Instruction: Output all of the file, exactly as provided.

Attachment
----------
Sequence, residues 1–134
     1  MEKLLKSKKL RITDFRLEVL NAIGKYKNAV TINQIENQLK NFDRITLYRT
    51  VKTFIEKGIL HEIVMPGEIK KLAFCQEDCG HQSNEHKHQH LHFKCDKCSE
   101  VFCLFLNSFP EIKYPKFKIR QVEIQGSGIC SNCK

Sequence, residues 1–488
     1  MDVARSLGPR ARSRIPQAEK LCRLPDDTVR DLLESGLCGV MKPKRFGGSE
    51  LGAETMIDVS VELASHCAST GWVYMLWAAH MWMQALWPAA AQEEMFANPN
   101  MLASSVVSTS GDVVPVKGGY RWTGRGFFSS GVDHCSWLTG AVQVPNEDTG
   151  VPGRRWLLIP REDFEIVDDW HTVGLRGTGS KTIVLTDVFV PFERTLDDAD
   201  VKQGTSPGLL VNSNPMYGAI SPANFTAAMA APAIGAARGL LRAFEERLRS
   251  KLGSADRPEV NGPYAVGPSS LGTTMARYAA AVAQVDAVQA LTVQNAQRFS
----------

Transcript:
Sequence, residues 1–134
     1  MEKLLKSKKL RITDFRLEVL NAIGKYKNAV TINQIENQLK NFDRITLYRT
    51  VKTFIEKGIL HEIVMPGEIK KLAFCQEDCG HQSNEHKHQH LHFKCDKCSE
   101  VFCLFLNSFP EIKYPKFKIR QVEIQGSGIC SNCK

Sequence, residues 1–488
     1  MDVARSLGPR ARSRIPQAEK LCRLPDDTVR DLLESGLCGV MKPKRFGGSE
    51  LGAETMIDVS VELASHCAST GWVYMLWAAH MWMQALWPAA AQEEMFANPN
   101  MLASSVVSTS GDVVPVKGGY RWTGRGFFSS GVDHCSWLTG AVQVPNEDTG
   151  VPGRRWLLIP REDFEIVDDW HTVGLRGTGS KTIVLTDVFV PFERTLDDAD
   201  VKQGTSPGLL VNSNPMYGAI SPANFTAAMA APAIGAARGL LRAFEERLRS
   251  KLGSADRPEV NGPYAVGPSS LGTTMARYAA AVAQVDAVQA LTVQNAQRFS